Nearly $1 million in federal funds is expected to help CAPS Network expand its profession-based learning into rural school districts, focusing on the state of Kansas, Corey Mohn shared.
The $951,000 grant from the U.S. Department of Education was announced earlier this week.
“We are really excited about the impact this funding will help us make,” said Mohn, president and executive director of the Blue Valley School District Center For Advanced Professional Studies, commonly known as CAPS. “We know from our experience that any school district can successfully provide students authentic, profession-based learning experiences, so long as they are committed to the work and reach out to the businesses in their region. We are delighted to be making a big move to launch CAPS programming close to home across the state of Kansas.”
CAPS — which launched in 2010 and is now in more than 170 school districts across 22 states and four countries — is working to bridge the gap between the classroom and the professional world through innovative programs and partnerships, according to the organization. This rural initiative is expected to span over the next three years, extending through 2025-2026.
“We are incredibly grateful to Blue Valley School District for consistent support as we scale this model,” Mohn said, “and to U.S. Sen Jerry Moran’s advocacy, which helped us secure this funding.”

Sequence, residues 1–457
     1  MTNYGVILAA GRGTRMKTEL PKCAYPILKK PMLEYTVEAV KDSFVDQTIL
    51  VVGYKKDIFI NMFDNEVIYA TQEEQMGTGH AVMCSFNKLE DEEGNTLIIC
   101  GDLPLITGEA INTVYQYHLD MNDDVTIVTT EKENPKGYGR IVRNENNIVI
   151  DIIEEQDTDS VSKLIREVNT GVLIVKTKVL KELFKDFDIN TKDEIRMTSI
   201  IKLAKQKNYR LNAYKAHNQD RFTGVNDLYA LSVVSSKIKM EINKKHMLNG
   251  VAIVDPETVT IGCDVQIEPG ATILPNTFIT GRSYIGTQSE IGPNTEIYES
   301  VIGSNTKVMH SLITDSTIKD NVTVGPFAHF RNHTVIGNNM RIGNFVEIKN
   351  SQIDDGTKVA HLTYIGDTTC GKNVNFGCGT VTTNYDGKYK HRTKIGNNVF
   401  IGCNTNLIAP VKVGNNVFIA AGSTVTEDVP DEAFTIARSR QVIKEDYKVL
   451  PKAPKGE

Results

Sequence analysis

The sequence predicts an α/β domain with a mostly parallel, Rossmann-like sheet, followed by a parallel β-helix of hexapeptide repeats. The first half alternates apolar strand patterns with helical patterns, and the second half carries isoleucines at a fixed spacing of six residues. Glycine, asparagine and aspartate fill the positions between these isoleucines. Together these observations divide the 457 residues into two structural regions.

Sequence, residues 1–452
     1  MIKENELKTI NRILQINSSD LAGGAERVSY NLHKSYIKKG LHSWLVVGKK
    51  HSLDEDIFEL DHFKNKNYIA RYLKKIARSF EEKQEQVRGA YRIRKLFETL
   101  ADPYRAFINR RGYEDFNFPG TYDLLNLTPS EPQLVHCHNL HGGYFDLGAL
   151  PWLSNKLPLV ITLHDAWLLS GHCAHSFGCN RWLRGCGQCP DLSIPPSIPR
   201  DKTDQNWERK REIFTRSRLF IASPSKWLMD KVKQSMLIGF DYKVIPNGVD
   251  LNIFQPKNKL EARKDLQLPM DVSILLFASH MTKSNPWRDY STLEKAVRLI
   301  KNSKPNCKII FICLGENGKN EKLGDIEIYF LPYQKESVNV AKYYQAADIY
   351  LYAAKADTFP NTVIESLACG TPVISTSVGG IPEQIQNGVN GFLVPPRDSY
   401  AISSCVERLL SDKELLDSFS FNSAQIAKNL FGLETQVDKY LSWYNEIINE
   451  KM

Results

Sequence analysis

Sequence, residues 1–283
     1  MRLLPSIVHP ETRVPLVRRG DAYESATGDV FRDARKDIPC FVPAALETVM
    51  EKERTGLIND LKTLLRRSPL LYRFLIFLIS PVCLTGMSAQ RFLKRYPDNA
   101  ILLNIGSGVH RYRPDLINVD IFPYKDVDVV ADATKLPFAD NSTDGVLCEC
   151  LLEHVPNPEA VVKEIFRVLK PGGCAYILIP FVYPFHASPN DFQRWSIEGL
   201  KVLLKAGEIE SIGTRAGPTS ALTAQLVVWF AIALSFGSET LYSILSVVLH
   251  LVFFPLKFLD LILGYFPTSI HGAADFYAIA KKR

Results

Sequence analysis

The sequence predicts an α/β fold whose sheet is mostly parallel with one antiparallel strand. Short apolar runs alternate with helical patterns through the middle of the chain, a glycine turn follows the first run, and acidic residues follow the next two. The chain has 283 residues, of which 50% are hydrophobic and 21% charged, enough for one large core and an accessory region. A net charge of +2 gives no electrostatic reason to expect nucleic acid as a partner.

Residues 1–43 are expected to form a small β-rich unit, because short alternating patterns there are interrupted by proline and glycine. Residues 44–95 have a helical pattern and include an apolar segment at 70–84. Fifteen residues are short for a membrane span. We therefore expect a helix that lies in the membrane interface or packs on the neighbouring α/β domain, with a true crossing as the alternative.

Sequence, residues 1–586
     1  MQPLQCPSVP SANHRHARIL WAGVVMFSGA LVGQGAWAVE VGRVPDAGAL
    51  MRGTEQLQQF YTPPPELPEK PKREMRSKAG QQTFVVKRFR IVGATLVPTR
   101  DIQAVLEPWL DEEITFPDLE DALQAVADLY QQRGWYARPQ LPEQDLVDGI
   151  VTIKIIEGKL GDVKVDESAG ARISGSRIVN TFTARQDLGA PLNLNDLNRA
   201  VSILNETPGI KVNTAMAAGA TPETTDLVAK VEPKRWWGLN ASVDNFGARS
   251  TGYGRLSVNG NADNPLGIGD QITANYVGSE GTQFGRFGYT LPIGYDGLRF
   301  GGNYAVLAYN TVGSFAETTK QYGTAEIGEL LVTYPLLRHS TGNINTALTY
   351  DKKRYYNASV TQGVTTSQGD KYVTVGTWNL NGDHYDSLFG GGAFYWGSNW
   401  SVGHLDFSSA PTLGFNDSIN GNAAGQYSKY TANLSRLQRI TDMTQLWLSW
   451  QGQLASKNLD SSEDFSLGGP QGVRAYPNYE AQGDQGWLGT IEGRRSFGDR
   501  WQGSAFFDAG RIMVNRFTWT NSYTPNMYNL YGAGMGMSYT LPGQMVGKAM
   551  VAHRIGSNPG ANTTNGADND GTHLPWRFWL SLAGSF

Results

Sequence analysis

The newly announced grant funding allows the education organization to offer membership to its CAPS Network to deserving school districts at a significantly reduced cost, Mohn noted.
“We recently hired a K-12 liaison with experience supporting students and educators across Kansas City to deploy out and onboard districts that affiliate with our model,” he continued. “In addition, our staff will provide custom professional learning opportunities to these districts.”
CAPS aims to create 12 to 15 new school district affiliations in 2024, the organization said.
“Our goal is to launch as many of these CAPS programs in rural Kansas,” Mohn explained. “Ultimately, we will evaluate the demand we see for the program, alongside the level of community capacity present to make a local CAPS program successful. I am optimistic we will find a number of Kansas communities that fit and are ready to move.”
Mohn said CAPS leaders also are adding national business and industry connections across multiple sectors to their members, further enhancing how students explore career possibilities.
“The world is changing rapidly,” he explained. “We know the power of profession-based learning to drive up student engagement through relevant, real-time experiences. I am most excited to bring a successful model to communities that may not have seen this path for their students. It will be exciting to connect innovative and entrepreneurial rural educators to our global network of stakeholders and see what new creations result.”